Mexico City Policy

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A US government policy that has required (when it is followed) non-governmental organizations (NGOs) that receive federal funding to refrain from performing or promoting abortion services as a method of family planning in other countries.
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The global gag rule, also known as the Mexico City policy, was devised by the Reagan administration in 1984 to impose an expansive set of antiabortion rules on the overseas family planning program.
Hackett's background in overseas international aid reflects a mixture of policy positions, ranging from a 2010 letter to Congress in support of the Mexico City Policy, which prevented US-funded organizations from performing or referring for abortion, to a 2008 letter produced by ORS under his leadership, which stated that affiliated charities should give information on condoms, which are "highly effective when used correctly.
When Obama shredded the Mexico City Policy, he opened the floodgate of taxpayer funds to pro-abortion NGOs (i.
and a small group of Democratic lawmakers are seeking to enact federal legislation that would prevent a future president from reinstating the Mexico City Policy, also known as the global gag rule.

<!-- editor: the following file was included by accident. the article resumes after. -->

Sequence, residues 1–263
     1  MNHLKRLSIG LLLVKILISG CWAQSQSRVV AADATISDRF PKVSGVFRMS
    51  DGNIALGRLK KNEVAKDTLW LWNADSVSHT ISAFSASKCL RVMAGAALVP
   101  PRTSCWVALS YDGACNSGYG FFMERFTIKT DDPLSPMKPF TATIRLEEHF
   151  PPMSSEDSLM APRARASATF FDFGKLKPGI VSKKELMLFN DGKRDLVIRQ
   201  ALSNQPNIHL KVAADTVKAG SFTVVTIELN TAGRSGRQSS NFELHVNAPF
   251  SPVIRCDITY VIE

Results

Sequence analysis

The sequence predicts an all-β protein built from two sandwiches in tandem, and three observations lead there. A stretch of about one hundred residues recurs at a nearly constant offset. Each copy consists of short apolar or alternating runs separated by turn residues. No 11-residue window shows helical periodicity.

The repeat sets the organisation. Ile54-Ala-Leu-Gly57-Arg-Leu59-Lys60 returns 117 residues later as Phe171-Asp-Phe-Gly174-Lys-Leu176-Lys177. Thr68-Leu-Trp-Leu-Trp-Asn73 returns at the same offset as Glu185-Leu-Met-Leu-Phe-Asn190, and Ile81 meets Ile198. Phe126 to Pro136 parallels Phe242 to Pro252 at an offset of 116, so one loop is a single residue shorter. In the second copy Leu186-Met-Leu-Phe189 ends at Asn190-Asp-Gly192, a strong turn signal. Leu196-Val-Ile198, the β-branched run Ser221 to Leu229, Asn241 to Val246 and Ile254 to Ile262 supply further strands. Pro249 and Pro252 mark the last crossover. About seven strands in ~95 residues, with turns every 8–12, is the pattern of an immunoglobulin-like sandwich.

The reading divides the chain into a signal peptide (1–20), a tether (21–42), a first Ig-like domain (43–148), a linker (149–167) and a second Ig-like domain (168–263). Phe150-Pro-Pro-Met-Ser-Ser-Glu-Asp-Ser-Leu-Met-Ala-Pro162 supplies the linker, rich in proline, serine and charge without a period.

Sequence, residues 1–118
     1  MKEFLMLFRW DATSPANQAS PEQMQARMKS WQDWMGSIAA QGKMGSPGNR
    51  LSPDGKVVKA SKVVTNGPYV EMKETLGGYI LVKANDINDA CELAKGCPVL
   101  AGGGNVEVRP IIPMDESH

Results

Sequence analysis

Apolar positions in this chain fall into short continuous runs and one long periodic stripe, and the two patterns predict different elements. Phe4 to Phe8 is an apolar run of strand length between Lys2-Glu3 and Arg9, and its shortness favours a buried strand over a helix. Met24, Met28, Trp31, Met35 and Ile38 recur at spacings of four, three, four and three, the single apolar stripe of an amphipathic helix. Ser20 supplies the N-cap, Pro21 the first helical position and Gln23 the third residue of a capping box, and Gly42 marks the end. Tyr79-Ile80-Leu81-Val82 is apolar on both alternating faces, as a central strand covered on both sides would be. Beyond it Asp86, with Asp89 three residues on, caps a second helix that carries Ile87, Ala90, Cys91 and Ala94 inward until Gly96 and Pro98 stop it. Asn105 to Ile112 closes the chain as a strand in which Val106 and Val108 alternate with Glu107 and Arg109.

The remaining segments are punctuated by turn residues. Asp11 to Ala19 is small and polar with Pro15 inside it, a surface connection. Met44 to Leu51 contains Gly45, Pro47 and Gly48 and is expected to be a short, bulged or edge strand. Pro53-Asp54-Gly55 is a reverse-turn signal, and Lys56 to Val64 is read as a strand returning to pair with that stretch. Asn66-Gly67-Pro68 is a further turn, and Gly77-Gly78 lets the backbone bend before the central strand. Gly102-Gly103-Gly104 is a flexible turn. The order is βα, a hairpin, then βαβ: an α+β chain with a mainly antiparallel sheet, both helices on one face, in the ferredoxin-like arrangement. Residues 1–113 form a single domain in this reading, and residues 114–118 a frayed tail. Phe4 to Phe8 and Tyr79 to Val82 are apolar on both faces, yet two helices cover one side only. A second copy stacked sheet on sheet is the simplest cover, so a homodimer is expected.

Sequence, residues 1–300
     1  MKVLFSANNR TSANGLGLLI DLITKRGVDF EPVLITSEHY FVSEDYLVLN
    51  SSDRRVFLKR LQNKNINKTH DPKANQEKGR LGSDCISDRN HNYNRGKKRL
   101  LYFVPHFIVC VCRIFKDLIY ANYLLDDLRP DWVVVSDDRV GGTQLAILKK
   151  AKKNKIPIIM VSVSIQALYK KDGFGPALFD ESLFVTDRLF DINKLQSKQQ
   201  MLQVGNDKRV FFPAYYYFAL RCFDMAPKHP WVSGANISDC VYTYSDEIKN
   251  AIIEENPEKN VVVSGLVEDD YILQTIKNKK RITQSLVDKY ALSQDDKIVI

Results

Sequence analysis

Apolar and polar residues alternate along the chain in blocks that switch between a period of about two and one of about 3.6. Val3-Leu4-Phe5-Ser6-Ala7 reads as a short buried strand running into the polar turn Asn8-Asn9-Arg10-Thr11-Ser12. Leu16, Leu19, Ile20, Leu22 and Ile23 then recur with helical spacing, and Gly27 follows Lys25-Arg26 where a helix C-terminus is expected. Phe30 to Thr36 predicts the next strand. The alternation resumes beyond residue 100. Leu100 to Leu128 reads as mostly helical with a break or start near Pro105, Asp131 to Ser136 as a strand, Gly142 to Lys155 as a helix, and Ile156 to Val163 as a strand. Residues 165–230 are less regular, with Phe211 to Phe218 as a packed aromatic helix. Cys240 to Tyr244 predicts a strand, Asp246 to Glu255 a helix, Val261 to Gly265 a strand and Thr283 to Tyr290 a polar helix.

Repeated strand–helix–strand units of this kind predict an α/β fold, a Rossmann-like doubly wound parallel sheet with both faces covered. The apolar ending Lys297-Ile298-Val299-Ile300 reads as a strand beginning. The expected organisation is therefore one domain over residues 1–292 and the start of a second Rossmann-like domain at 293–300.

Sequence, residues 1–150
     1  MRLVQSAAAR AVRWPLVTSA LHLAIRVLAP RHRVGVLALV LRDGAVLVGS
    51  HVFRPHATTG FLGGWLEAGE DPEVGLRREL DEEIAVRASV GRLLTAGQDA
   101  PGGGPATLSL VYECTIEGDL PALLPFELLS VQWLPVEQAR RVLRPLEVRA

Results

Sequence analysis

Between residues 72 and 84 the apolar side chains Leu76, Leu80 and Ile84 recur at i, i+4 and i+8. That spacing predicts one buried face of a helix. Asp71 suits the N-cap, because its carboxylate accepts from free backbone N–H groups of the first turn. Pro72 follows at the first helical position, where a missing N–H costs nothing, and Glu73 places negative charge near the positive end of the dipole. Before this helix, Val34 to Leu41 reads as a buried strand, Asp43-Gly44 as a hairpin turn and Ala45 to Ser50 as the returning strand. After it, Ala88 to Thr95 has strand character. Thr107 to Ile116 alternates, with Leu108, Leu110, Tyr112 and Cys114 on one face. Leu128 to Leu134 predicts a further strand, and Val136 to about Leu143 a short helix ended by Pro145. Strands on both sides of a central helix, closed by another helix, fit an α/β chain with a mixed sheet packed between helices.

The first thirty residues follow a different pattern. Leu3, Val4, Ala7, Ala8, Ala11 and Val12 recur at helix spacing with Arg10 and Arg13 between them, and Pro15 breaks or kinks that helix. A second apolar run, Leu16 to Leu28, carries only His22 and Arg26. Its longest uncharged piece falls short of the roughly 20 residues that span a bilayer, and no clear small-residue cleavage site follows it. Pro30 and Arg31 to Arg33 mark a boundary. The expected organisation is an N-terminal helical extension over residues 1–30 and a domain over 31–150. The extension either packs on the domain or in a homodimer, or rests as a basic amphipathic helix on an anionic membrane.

The Mexico City Policy was in effect from 1985 until 1993, when it was rescinded by President Clinton.
In thanking Obama for repealing the Mexico City Policy, also known as the "global gag rule," APHA Executive Director Georges Benjamin, MD, FACP, FACEP (E), noted that the policy change will "allow international family planning organizations to provide comprehensive reproductive health services and information, including abortion in countries where it is legal, without fear of losing their funding.
Obama overturns, by Executive Order, the Mexico City Policy of previous presidents that forbids the funding of abortions and abortion groups outside US boundaries.
1) In a statement released the following day, President Obama said "It is clear that the provisions of the Mexico City Policy are unnecessarily broad and unwarranted under current law, and for the past eight years, they have undermined efforts to promote safe and effective voluntary family planning in developing countries.
That policy was known as the Mexico City policy because Reagan announced it at a 1984 United Nations population conference in Mexico City.
Abortion rights opponents and groups who support the Mexico City Policy dispute this view, with Charmaine Yoest, the president of anti-abortion group Americans United for Life, telling Reuters that US taxpayers should not "bailout" the "abortion industry".
Also known as the Mexico City policy, the ban has been reinstated and reversed by Republican and Democratic presidents since Reagan established it in 1984.
Reproductive rights advocates also are hopeful that the new president will eliminate the Mexico City policy or "global gag rule," which bars nongovernmental organizations that receive U.